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Speaker A In terms of assessing individuals and their level of capability. It's still is an area that we struggle with, that I struggle with because people are very complex and so you know them in different ways. You know them based upon if you've been working together in an organization for some years, you know them in different ways. Sometimes you know them because you have a good relationship with them. Sometimes you know them because you know they've been very effective. And some and our tendency is people who've been effective to move them up. That is not necessarily going to make them more successful or effective in the future. And this is where a manager is sometimes challenged because there's issues of compensation that are attached to grade and all of these things become very difficult for managers and came difficult for me. Part of this in terms of for me was also in the growing responsibilities in the organization. But through most of the time I didn't have that many subordinates. I had the HR function which was relatively small. I had a very small business development group. So through most of this time I personally didn't have that many subordinates or subordinates once removed. The bigger challenge for me was when I moved from that role of business development, HR and legal and became the president of the company, that was a much bigger jump in terms of having to think in terms of people. And as I said, the other part of that that's difficult is how do you use this in terms of growing organization, because we have now probably doubled the size of the company in people in the past four years, maybe even shorter than that. And if you think in terms of that many new people coming into our organization, how do you use this in terms of making sure you're getting the right people into the right roles and then going back and reassessing and making sure that's happening? And that is one of the challenges we have today is how we really can make sure that we're getting the right people at the right capability. You can check, in a sense, knowledge and skills because it's in the resume and you go back and do your checking and you can sort of get that checked. You can even check this pretty well in interviews. If the technical position you can ask a few technical questions you can find out, but you don't really know if the person is going to have the capability of really working at the level we need to in terms of a relatively small organization and number of people, but fairly complex in terms of the business that we're in and the geographical scope that we have in our company. So those are still challenges for us in terms of growing and using these techniques to be more successful. I think we're getting somewhat better at it, partly coming at it from a little different angle I think we're getting better at it more from the cascading down of the goal setting setting. And that seems a little maybe odd, but a part of that cascading down you have to go back and reevaluate at the time is the person capable now of accomplishing those goals once they're very clearly defined. And by clearly defining the goals, you're also defining the time span and then it will tie back and you'll be able to make the loop as to this person and this role and the company's goals are all tying together. And this is really something that Sabrina drove through in the past year. And I start seeing that this is really going to be helping for us to sort out who is going to be able to be successful and who's not going to be able to be successful. And it's not to try and make, say, a person is not a valuable person in the organization. Sometimes it'd be more valuable in a different place in the organization. I had a very good example of this, of one of my many assistants over the time who was not very successful working for me but has been very successful working in our new business when our new businesses where she has more of a customer service role and is much more consistent with her values as well as her capability. And so she's done an incredible job there which is more outwardly focused in terms of working with customers. So we have to also find where people really can fit and do well, not just necessarily saying because they didn't do well in this position, there's no place for them in organization. And so I think these are different things that we are trying to do as we're using, as we're still learning more as we move forward. The next challenge is going to be as we get larger. It's one thing to run a company that has less than 400 people because I could know everyone, basically. I knew everybody in the company. I traveled extensively. I would be in every part of the world today. I don't know everyone. I don't really even know everyone that's in the office in St. Louis. And that becomes more of a challenge as you start looking in terms of how you now have to start structuring the organization differently. You really have to have those kinds of organizational tools there to actually start thinking more in a more systematic way and a more planned way in succession planning in really how these goals head into cascading of goals, how these things get captured now before they could get captured. Because we could just talk about it on an airplane or we could talk about it in a staff meeting today that's not enough. Today we really have to have it much more in terms of an organized discipline plan. And you would think because I'm a lawyer that would all be very well for me but it's actually not true. I guess that was one of my failures as a lawyer. I really like to always keep going after the new ideas and the new things. And one challenge is always having to come back to make sure that most of the organization, it's back to the 80 20 rule, 80% of the organization has to be dealing with the here now and what's going to happen in the next twelve months. Because we have to meet our numbers, we have to be able to make sure that we're on track with that, but we have to always make sure there's a certain percentage that is out there looking farther ahead. And I think as you go higher up into management, it becomes important. But it's one of those presentations that was done last time. The guy from Deloitte, I think, where he made a present, Michael Reader, he made a presentation along those lines, which I thought was very interesting because he showed as you are higher in the organization, more of your time and thinking needs to really be creating options. And I thought that was a very good way of looking at if you're stratum three in the organization, you really got to be getting the budget done. That's what you got to be doing. That's your twelve months. It's very easy to see, and there are people who love that and do that very well. And once you're moving up to stratum four and five six, you really have to be creating those options for the future. You really have to be thinking in terms of what are those future risks to the organization which are going to be out there in a longer time. And eventually when we're making investments, large capital investments, we're projecting out in ten and 20 year time periods because we have to know how these investments are going to pay back in that kind of time frame. And so that right there comes back and reestablishes the differences in terms of the roles and actually what needs to be done. So I think Elliot was able to bring all these things together, working at from the time span or how long the horizon we have in terms of what we need to be doing. The other parts, in terms of how compensation needs to be fair and equitable across an organization, how that's going to be represented by a certain kind of a structure that's very transparent in terms of compensation, is not to be a hidden secret only known to HR, but should be fairly transparent. We try to be transparent about most things. Although we're a private company, we tell our employees about what the financial results are, what the financial risks are, and where they can make a difference, enabling the organization to achieve its goals and enabling our customers to be successful with regard to their goals. In terms of how we bring people into the organization, I think it's very we started pretty early on when I became head of HR, we started doing interview panels and we started looking in terms of having those. Of course everyone will have multiple interviews. I think this is kind of standard in all companies, but what we added to that was require all those interviewers to get together afterwards in one room. Because before we were doing it the old way, they would just send to their written comments and I felt like it was the elephant because these different comments about the same person didn't seem to all connect. So we started having all the interviewers meet and then we got a much deeper, richer perspective in terms of the candidate. Because sometimes a person and if you have 45 minutes or an hour with them, you're talking they'll talk about one thing and you'll get one perspective, and it may be quite off the mark just because of how it's been a long day. Maybe they said something not quite how they would want. Or it may be actually very critical piece of information, especially, I think we've found along the way, people who would not be very open to diversity at this way. By listening carefully at multiple comments, you'll find out who is comfortable with working for a woman manager and who's not. So you'll find out if you are careful and actually make sure that during the interview process you have multiple people interviewing that comes from different parts of the company, from different perspectives and then bring them all together. Ideally, which we don't do the ideal, ideally they would meet before and they would actually have somehow allocated some areas of questioning and we talk about trying to move to that point. And I think this would really even make the interview process more powerful. Then once you've identified somebody, your chances are still 50 50 whether it was a good one, but at least now you have a better appreciation of the person when you're bringing them in. And now it's all the question of orientation and we are getting better at that. We had had the experience where people will be the company for quite a number of months, sometimes more than a year, but now we've gotten more systemized in terms of having regular orientation sessions we have now outside of the US as well as here. So now the goal is to try and bring each person that new into the organization to St. Louis. Sometime within the first year or so they joined the company, but long before that they should have had a local orientation in their area at least to know the basic aspects of the novice manager system, really to know the kind of basic aspects of the company, the company's products, those just kind of the basic things. And then to be we have a 30, 60, 90 day review period and hopefully the managers are following that because it's only by doing that that they're really going to be making sure that all this effort they put in to hire this person is now going to start paying off. If they don't go through, that process, will be left there wondering what they're supposed to do. And we have a lot of that too, because we still have a lot of new people coming in and it takes a lot of time. And I'm always amazed with managers how much they complain about not having enough staff and how little time they put to actually onboarding the staff they have. So it's a really interesting thing to observe with managers. So one thing that we're trying to do better from the HR department side is actually trying to provide more tools to them and more structure around that so that will be more effective in bringing people into the organization. I think from my own side, my own participation in that, I do try and be a part of that orientation. I try to do part of the presentations of the orientation. It has become more challenging with my travel and more people coming in as to how much time is really spent with that. It's always get bigger to find ways to make that better. And now I have a lot more subordinates once removed. So another challenge for me today is making sure that I have a personal relationship with each one of them. So finding ways to be effectively having that personal relationship, because I take seriously that my responsibility to them is to really be there, thinking in terms of what is their career development opportunities in Novas. And that is one I need to do better at. And I clearly recognize that's where I need to put more of my time now, maybe a little bit less time on the orientation for everyone, because that needs now to become more ingrained and out into the organization. And I really need to be looking in terms of where is that next group of management going to come from in this company, in terms of how I try and allocate my time. There's some aspect that I need to have more customer interaction than I have. I tried to be more outwardly focused in terms of the company. There's a certain representation aspect to this job in that I really need to be out with other organizations, really, that have common purpose to Nova's achieving its goals and with its customers achieving their goals. So these can be very much in terms of trade associations, or they can be other kinds of organizations that we're trying to collaborate with where that takes quite a bit of time and quite a bit of travel. I try to make sure I visit all parts of the company around the world at least once a year. That in itself leads to quite a lot of travel, and that does give me the opportunity of directly interacting with the employees everywhere in the world. But so far, what is still missing from my really if I'm serious about and really seriously looking at what I'm not doing well, it's really this mentoring relationship. What I tried to do before was just to make sure I was having a lunch or something like this with the ones that were local with my direct subordinates. I have long term relationship with them. I've known them for many, many years. So there it isn't such a challenge. We have the regular reviews, we have the phone calls in the corridor, and I know what they're going to be able to do. They know what they expect to meet. They know when they need the feedback. So that part because we have many years of working together that works with my direct subordinates. But we have a lot now of new people directly under them. That's where a lot of the new organizations come in. And it's there that I really need to start spending more time. One of the challenges is that from this role, when I spend time at that level, sometimes people feel threatened, the man at my direct subordinate, or they feel that it's going around them, or sometimes it will even lead to confusion because people don't have it. They don't have this personal relationship. And so it's a question of, is the CEO now telling me something different than my manager told me to do? Because you want to have a conversation, at least personally, I want to have a conversation with them. I want to understand how they're thinking, what they're thinking, what they think that Novus is doing well and what we're not doing well. And by having these conversations, it can, I've been told, lead to some confusion with people. But nevertheless, it's something that really has to happen, because it's only by going to that next level that I will start to really understand. First, are we on track? Are we really developing the talent pool we need in terms of the company's growth? Secondly, are we likely to be successful in achieving our goals even in the near term? Because this is where most of the work is going to get done. And this is not from the vice president, it's not from the CEO. It's going to be done from the directors and managers and their staff that it's going to get done. So I really need to have that opportunity. And it can't very well be done so much in the bigger meetings. I attend the regional staff meetings, I attend a lot of these kind of meetings. And there it's always a challenge if I say too much or am I overly critical or am I actually putting them down so it can happen better one on one. And so I have to find more time to spend really with my sors I should know, but I don't really know exactly how many there are. They're certainly all over the world. I will have all over the world, and it's probably going to be something like 30 or 40 in the way we're structured today. And I think that is not impossible to deal with, but is not easy either, with that number to make sure that it's going to be. You spend the time to really know who they are personally and how they see themselves growing in the organization. I would like to say that it was a great privilege to have worked directly with Elliot Jacks. He was quite a special person. He was a person who could always make you think. And to me, that's always the greatest compliment I can give to anyone. If you can grab me long enough to sit me down and ask me the questions that made me think. And today, this is one of the biggest challenges in the role I have, because there's so much that we're dealing with every day. It's finding those kinds of moments, and that Elliot was able to do. And you would say it's almost simplistic what he would do. He would just ask the most simple questions, and at the end, you would really think deeply and hard. Sometimes it'd be questions you wouldn't want to answer, things you wouldn't want to think about. And that's fine, too. He was always respectful, but he would sometimes be very direct in his comment. And so I just wanted to to close with things. It was a great privilege to have had the opportunity of working a few times directly with Elliot.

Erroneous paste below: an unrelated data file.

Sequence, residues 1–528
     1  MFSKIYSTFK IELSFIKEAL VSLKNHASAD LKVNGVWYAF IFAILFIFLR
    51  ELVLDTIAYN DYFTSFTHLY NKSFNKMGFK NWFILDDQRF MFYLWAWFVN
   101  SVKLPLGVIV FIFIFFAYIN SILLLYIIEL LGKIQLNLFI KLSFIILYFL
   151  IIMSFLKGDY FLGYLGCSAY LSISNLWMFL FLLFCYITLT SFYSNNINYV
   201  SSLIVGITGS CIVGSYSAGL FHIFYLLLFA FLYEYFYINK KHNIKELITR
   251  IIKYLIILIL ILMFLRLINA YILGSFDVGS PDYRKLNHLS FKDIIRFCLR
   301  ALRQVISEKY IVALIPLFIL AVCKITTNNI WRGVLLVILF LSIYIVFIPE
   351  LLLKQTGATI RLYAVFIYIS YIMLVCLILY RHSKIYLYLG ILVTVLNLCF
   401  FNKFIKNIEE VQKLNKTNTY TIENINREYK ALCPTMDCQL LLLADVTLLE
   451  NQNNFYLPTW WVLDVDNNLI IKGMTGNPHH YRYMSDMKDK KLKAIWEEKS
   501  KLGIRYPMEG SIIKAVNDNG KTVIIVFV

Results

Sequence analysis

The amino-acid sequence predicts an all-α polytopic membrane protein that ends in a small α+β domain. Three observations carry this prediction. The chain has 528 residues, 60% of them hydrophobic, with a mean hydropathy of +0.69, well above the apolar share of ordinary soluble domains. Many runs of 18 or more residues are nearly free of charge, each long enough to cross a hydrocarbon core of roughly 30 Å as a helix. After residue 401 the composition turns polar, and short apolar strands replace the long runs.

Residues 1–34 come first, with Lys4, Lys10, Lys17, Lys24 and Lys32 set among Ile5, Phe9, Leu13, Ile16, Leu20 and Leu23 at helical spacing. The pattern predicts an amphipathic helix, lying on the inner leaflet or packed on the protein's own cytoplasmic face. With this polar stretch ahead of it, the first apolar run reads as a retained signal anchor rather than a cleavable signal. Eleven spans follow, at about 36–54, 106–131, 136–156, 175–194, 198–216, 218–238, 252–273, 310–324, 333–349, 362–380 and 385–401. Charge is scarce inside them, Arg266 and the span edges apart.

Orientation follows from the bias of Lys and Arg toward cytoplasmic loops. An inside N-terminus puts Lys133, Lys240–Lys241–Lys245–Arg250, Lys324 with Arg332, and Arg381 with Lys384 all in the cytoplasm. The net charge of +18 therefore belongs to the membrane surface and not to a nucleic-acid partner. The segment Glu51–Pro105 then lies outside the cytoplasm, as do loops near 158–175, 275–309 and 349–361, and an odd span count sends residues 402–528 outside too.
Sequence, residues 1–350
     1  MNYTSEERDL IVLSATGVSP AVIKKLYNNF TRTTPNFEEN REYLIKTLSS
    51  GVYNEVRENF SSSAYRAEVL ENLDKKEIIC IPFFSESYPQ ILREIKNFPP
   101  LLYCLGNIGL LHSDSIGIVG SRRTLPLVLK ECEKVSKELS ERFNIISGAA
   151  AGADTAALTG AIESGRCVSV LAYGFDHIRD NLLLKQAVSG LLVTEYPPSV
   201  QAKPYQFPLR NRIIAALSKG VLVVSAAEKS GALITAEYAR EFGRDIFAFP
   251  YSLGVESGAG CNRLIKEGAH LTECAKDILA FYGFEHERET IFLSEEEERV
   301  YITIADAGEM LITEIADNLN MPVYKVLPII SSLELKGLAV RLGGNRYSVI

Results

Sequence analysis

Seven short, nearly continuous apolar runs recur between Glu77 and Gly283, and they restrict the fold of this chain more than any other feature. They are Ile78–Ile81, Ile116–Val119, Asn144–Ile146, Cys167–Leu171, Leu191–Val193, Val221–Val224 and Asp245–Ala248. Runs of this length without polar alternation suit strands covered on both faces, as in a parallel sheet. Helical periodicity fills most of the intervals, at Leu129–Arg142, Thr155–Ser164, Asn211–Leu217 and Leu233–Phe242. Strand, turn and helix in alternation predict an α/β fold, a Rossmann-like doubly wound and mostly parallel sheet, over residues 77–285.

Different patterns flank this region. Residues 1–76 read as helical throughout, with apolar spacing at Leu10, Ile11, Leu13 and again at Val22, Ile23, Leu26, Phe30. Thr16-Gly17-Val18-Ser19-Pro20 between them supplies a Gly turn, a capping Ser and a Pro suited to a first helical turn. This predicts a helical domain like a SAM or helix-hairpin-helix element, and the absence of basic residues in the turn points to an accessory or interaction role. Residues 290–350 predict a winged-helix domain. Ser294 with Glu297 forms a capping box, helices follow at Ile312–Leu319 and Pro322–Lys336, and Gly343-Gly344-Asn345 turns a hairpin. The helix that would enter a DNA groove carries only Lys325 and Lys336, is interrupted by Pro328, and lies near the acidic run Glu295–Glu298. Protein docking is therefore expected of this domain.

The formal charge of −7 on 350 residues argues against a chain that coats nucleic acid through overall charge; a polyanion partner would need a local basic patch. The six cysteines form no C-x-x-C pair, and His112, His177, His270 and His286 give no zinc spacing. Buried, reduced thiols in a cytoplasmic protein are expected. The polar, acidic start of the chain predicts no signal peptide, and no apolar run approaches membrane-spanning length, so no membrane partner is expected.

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Thad Simons
President & CEO
Novus International, Inc.
Novus International